The process that breeders go through normally to assess their animals is as you describe: if you discover a mutation, you look at it in the population, look at its effects on a number of different traits, and judge that it is an animal that is capable of performing well in the production environment. If everything is favourable, you then take it forward into production. That was the example relating to infectious pancreatic necrosis in Atlantic salmon. The gene had an effect on disease resistance and it did not have any perceivable effects on any other traits. For the sorts of traits we are talking about in Atlantic salmon, the case would be the same: we would evaluate it within the populations in the breeding programme—typically thousands of animals—and then as that data builds up and everything works out, we would expand that to the commercial populations.
We could go as fast as that. Obviously, with short-generation species with higher rates of reproduction, we could go faster than that. That process of identifying the animal, looking at its performance across a number of traits and judging that is a process that can move at the timescale I have described.
Q I am not sure whether you will be able to answer this, but I was just wondering about food labelling. What are your thoughts on that, as opposed to the notification systems and the public register that is proposed in the Bill? Do you think there is a stronger case for labelling animal products than crops—plants?
Just before you answer that question, may I ask you not to lean too far forward into the mic, because we will miss your face, and we do not want that? Could you stay neatly there for lip readers who need to follow you?
No problem. On labelling—going back to the position that says the genetics we are talking about is indistinguishable and identical variation that occurs in the wild and in farm populations—if we say that they are identical, then logically I see no reason to label that. The product is the same, the means by which it was generated is slightly different, but it is identical, to all intents and purposes, to a mutation that would have occurred naturally. I see no need for labelling.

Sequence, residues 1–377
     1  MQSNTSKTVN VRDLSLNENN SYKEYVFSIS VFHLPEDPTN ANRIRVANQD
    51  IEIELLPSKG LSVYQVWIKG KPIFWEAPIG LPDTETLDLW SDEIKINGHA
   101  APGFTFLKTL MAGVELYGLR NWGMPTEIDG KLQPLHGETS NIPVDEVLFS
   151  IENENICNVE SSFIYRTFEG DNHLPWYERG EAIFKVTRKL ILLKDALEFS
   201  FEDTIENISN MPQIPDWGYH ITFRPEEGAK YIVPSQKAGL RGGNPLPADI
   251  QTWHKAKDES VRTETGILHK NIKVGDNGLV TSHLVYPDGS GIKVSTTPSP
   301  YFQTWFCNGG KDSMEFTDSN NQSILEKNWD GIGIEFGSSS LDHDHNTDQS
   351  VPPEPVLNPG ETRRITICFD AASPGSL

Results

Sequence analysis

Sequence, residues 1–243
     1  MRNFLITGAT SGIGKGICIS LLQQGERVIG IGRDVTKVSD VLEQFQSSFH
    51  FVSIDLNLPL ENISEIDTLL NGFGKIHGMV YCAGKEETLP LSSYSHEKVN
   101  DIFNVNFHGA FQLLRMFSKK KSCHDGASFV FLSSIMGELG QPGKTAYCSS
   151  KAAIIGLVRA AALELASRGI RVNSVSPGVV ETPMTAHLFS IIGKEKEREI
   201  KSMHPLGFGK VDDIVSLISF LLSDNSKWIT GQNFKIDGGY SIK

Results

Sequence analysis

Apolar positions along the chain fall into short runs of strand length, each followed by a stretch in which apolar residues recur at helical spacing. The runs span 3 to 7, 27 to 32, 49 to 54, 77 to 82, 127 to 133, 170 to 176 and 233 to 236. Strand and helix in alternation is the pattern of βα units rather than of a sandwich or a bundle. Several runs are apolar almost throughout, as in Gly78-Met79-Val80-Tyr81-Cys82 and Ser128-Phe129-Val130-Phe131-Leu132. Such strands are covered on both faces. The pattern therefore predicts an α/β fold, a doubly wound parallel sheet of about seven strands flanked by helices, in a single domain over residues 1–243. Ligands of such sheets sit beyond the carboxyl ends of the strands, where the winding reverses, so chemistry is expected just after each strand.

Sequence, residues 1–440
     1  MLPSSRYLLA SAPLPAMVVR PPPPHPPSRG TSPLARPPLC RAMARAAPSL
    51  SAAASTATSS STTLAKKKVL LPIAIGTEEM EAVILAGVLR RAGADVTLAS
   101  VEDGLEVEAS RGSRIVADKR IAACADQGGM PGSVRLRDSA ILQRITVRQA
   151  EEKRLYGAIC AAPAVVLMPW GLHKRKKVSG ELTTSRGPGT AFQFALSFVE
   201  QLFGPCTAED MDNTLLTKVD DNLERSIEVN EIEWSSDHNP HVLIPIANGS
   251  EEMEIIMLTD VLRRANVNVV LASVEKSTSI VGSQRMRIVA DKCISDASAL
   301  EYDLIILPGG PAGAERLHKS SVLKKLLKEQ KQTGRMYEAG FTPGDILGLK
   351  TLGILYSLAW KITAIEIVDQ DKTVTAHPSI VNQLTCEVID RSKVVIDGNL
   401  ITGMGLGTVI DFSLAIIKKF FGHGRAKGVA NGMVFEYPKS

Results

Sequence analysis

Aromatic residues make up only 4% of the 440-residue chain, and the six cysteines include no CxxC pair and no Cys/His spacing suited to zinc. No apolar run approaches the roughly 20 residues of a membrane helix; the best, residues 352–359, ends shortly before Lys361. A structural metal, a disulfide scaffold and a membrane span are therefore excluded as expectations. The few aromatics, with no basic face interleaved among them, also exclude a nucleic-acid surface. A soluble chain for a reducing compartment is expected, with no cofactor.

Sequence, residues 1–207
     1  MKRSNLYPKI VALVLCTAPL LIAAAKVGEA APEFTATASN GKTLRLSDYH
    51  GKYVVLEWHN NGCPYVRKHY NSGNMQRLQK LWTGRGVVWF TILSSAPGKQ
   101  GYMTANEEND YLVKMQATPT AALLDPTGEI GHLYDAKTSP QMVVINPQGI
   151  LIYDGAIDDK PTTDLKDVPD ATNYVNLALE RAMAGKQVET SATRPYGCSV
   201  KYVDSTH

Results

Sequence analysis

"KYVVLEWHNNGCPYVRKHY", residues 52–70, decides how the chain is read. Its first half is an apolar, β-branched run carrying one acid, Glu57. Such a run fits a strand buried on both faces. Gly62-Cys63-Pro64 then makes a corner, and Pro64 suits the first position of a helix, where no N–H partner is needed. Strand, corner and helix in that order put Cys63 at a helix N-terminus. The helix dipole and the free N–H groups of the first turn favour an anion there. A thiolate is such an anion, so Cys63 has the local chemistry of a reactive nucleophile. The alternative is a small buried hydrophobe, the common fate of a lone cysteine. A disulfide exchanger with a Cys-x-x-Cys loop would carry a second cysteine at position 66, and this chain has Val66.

Given agriculture is a subject of some contention in Scotland at times, what do you think?
It has been a hugely successful industry in Scotland. Your public opinion is interesting. To give a broad analogy, the other example of products being very close in terms of their composition and quality but labelled for production-system differences is organic farming. There is a drive there that says, “Okay, people are interested in the production system and they ask the product to be labelled to identify it as premium.” There is that precedent, but I go back to the position that says these are products that have identical composition. They are produced in different ways at the point where the mutation is either discovered or produced by gene editing, but they are identical at point of sale. I see no reason for labelling that, unless, like with organics, there is a premium for that sort of production system.
Q I see. This is a bit out of leftfield, but I heard earlier that there is a genetic technology Bill that has been proposed—or has gone through—in Norway. Obviously, there is a considerable amount of Norwegian interest in aquaculture in Scotland. Is that something that you have come across, and if you have, are there any elements of it that you think could be applied to this Bill? Do you think it will have any influence on Norwegian-owned aquaculture in Scotland? You are closer to the field than I am, but I am wondering if that is something that might occur.
Similar discussions are going on. A position on describing technologies where the outcome is the same but the technology used to produce it is different has been adopted, as it has been in a number of other countries—Canada and Australia. The principle of recognising that the product that is being farmed is the same as one that would have occurred naturally is being adopted by several countries. The danger is that we might come out of line with that.